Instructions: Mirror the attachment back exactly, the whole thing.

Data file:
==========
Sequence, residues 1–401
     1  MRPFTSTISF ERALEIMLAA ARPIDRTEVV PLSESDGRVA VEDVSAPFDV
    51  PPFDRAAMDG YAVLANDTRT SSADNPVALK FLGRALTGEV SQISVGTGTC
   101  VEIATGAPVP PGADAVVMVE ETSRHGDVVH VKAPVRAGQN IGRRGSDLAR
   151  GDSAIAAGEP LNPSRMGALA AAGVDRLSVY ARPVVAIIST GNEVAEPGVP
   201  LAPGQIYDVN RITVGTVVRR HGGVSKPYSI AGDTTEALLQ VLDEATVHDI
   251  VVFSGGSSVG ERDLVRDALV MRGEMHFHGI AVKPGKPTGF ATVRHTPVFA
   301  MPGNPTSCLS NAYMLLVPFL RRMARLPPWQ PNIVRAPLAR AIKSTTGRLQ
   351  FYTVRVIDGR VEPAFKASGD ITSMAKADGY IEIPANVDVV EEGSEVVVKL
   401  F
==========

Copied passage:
Sequence, residues 1–401
     1  MRPFTSTISF ERALEIMLAA ARPIDRTEVV PLSESDGRVA VEDVSAPFDV
    51  PPFDRAAMDG YAVLANDTRT SSADNPVALK FLGRALTGEV SQISVGTGTC
   101  VEIATGAPVP PGADAVVMVE ETSRHGDVVH VKAPVRAGQN IGRRGSDLAR
   151  GDSAIAAGEP LNPSRMGALA AAGVDRLSVY ARPVVAIIST GNEVAEPGVP
   201  LAPGQIYDVN RITVGTVVRR HGGVSKPYSI AGDTTEALLQ VLDEATVHDI
   251  VVFSGGSSVG ERDLVRDALV MRGEMHFHGI AVKPGKPTGF ATVRHTPVFA
   301  MPGNPTSCLS NAYMLLVPFL RRMARLPPWQ PNIVRAPLAR AIKSTTGRLQ
   351  FYTVRVIDGR VEPAFKASGD ITSMAKADGY IEIPANVDVV EEGSEVVVKL
   401  F